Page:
Right at the University of Minho, for example, the researcher and multimedia artist João Martinho Moura is a world reference in digital art and computational aesthetics. For the past 15 years, he has been adopting new digital ways to represent audiovisual artifacts, with special interest in the human body. Some of his award-winning works can be seen at  http://jmartinho.net/. Light art, lasers, AI created art, artist robots, e-museums are also good examples the ways in which technology is making its impact in the art world and in the legal systems.

The complexity of authorship and the relevance of the dematerialization of artwork in the field of contemporary visual arts have already secured the birth of at least three Digital Art Biennials. The older is “The Wrong Art Biennale” (https://thewrong.org), a global, digital event aiming to create, promote and push forward-thinking contemporary digital art among artists, curators, collectors and institutions located in virtual pavilions. There is also the International Digital Art Biennial (BIAN), in Montréal, created in 2012. The younger Digital Art Biennial will happen in Brazil for the first time in 2020, but was born ten years ago in Belo Horizonte, as a Digital Art Festival.
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Trends shaping AI in business and main changes in the legal landscape

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by Ana Landeta, Director of the R+D+i Inst. at UDIMA
and Felipe Debasa, Director of the ONSSTKT21stC at URJC

Without a doubt and under the European Union policy context, “Artificial Intelligence (AI) has become an area of strategic importance and a key driver of economic development. It can bring solutions to many societal challenges from treating diseases to minimising the environmental impact of farming. However, socio-economic, legal and ethical impacts have to be carefully addressed”[i].

Accordingly, organizations are starting to make moves that act as building blocks for imminent change and transformation. With that in mind, Traci Gusher-Thomas[ii] has identified four trends that demonstrate how machine-learning is starting to bring real value to the workplace. It is stated that each of following four areas provides value to an organisation seeking to move forward with machine-learning and adds incremental value that can scale-up to be truly transformational.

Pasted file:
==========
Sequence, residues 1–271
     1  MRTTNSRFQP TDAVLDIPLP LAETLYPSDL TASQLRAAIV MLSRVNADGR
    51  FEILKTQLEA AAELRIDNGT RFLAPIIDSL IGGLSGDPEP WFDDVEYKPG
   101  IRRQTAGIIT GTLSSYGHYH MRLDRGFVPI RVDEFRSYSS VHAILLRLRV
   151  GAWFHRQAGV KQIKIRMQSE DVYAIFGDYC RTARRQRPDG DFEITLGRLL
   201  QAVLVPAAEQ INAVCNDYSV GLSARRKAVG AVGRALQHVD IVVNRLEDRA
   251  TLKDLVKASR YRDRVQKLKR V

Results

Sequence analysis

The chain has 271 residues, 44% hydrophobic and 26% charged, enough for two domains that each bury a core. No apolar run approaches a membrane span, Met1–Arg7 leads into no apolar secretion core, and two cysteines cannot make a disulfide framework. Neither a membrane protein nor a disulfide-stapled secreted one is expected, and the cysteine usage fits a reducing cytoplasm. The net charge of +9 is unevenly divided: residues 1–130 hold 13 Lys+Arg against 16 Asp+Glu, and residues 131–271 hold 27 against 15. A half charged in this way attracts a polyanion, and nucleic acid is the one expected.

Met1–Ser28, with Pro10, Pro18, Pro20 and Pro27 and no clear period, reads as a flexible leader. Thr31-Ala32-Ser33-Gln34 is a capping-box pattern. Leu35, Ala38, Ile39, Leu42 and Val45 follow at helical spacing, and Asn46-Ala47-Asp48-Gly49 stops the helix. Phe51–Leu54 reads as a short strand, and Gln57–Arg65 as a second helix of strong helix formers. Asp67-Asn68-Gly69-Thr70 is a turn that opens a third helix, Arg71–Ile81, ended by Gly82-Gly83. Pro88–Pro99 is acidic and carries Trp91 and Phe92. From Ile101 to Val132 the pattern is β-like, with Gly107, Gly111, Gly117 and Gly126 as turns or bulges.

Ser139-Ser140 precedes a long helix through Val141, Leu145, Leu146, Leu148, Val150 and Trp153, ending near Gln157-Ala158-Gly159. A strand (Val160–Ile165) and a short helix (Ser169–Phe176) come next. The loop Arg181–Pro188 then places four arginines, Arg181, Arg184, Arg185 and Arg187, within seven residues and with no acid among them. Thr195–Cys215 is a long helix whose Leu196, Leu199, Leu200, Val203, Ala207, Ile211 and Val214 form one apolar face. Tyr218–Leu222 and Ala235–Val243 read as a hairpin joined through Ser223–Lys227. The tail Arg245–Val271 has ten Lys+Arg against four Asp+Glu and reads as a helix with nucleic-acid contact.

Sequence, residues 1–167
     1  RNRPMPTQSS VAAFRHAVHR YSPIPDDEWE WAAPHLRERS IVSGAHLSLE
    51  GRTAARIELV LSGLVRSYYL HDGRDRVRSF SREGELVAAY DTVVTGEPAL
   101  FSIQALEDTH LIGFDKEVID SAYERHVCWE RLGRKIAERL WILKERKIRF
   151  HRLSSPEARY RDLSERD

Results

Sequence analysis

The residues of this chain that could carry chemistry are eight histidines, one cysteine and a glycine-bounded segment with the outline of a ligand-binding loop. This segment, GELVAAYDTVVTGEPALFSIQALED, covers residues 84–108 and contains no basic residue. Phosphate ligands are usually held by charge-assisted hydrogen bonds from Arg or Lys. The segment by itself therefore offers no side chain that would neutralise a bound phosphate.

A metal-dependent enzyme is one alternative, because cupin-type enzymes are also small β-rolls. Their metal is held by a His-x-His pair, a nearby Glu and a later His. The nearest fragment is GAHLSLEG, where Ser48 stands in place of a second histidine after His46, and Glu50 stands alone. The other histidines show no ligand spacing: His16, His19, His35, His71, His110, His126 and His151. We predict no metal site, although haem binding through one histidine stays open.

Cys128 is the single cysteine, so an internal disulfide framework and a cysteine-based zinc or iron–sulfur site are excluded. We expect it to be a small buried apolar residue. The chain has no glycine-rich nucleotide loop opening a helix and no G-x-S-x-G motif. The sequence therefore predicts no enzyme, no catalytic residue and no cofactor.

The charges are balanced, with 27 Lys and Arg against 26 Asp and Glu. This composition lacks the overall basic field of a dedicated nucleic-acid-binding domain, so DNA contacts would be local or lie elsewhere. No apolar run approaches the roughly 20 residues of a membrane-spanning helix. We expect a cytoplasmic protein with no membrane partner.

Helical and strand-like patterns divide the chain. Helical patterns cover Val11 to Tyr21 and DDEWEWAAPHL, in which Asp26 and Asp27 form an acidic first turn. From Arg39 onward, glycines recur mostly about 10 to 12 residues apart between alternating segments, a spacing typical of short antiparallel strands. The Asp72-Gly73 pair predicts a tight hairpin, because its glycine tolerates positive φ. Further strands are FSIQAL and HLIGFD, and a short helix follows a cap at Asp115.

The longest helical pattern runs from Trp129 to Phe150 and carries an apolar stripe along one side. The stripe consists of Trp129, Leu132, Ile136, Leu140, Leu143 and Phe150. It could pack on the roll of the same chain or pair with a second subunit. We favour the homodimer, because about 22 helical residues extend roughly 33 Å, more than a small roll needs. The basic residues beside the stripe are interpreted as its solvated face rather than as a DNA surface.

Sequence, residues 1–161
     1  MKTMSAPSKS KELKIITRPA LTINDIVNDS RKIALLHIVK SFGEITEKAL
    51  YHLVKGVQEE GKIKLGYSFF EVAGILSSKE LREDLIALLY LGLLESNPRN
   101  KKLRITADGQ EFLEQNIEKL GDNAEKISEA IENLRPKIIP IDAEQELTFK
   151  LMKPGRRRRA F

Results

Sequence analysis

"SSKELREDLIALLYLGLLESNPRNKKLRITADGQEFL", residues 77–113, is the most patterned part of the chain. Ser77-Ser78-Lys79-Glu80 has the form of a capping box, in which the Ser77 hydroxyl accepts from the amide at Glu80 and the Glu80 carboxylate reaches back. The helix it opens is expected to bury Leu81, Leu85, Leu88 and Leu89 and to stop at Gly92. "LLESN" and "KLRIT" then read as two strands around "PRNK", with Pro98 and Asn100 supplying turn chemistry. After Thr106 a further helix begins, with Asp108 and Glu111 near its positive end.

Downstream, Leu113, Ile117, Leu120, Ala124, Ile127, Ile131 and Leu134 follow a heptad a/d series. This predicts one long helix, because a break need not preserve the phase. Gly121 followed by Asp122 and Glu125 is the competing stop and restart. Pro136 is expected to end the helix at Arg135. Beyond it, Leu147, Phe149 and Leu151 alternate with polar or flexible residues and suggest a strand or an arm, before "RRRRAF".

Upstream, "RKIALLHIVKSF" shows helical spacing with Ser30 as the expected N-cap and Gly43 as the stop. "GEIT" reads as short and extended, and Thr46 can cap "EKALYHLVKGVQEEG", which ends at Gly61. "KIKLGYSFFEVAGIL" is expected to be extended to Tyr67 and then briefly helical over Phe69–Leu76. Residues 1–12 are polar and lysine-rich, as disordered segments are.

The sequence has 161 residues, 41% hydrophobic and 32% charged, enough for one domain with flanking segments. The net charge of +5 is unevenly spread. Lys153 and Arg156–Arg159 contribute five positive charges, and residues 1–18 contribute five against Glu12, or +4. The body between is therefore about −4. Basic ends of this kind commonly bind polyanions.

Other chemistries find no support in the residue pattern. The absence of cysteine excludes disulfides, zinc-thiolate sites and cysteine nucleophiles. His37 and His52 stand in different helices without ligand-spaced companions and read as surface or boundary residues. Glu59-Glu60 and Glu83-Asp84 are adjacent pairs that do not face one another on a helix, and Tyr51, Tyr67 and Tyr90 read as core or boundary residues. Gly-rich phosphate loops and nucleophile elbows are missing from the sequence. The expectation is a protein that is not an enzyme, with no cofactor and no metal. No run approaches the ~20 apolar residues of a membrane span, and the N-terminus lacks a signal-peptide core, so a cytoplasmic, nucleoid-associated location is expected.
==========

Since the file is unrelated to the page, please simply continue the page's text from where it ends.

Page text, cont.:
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European Ethical Charter on the use of artificial intelligence in judicial systems and their environment: what are the implications of this measure?

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 by Amanda Espiñeira, Master Student at University of Brasília

Artificial intelligence has become a topic of great interest for the advancement of the information society and automation. Through various themes, from art, gastronomy, the world of games, the various mechanisms that involve AI allow the expansion of human creativity and capabilities, and are very important, especially when it comes to judicial systems. A field that for a long time has remained closed to innovations and digital transformations, today it opens and allows that there is more celerity and transparency to the decisions of the legal world. In other words, AI promises to fill a gap in the area, which still has plastered processes, such as the registry offices, which are almost synonymous with bureaucracy.

However, the importance of the theme and its efficiency, debating ethical aspects in this area is extremely relevant because AI can extract insights, we could never come up using traditional data mining techniques. And is even more important in the context of recent data protection regulation, especially GDPR- General Data Protection Regulation.

Thus, the European Commission for the Efficiency of Justice (CEPEJ) of the Council of Europe has adopted the first European text setting out ethical principles relating to the use of artificial intelligence (AI) in judicial systems, published on December 4, 2018[1].
Continue reading “European Ethical Charter on the use of artificial intelligence in judicial systems and their environment: what are the implications of this measure?”